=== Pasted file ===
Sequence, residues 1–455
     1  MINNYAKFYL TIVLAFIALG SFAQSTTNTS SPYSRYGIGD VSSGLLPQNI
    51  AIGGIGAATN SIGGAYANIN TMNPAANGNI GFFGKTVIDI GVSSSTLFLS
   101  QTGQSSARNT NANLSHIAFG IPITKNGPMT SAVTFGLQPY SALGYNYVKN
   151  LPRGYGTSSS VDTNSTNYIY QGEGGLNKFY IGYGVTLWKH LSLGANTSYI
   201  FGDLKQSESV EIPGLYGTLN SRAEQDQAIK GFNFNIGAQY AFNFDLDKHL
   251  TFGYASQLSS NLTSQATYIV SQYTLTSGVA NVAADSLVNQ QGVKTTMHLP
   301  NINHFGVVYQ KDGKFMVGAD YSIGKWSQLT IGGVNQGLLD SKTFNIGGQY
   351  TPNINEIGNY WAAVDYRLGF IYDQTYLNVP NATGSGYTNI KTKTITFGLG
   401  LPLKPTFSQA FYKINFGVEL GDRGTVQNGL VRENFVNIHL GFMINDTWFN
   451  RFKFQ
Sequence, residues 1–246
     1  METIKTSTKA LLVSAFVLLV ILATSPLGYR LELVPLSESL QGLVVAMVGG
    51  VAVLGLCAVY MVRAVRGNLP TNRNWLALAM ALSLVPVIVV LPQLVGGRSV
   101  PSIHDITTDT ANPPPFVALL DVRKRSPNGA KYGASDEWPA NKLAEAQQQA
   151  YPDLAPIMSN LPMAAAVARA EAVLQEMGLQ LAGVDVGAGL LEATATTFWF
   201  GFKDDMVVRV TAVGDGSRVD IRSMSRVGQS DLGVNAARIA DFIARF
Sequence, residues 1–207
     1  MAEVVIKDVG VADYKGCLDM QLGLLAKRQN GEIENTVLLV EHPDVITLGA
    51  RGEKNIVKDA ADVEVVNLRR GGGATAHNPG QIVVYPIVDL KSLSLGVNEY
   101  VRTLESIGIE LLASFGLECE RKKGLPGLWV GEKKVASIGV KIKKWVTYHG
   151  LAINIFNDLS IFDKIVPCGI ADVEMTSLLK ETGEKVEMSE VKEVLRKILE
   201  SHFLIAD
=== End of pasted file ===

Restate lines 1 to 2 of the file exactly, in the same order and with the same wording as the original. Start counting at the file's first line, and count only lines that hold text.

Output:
Sequence, residues 1–455
     1  MINNYAKFYL TIVLAFIALG SFAQSTTNTS SPYSRYGIGD VSSGLLPQNI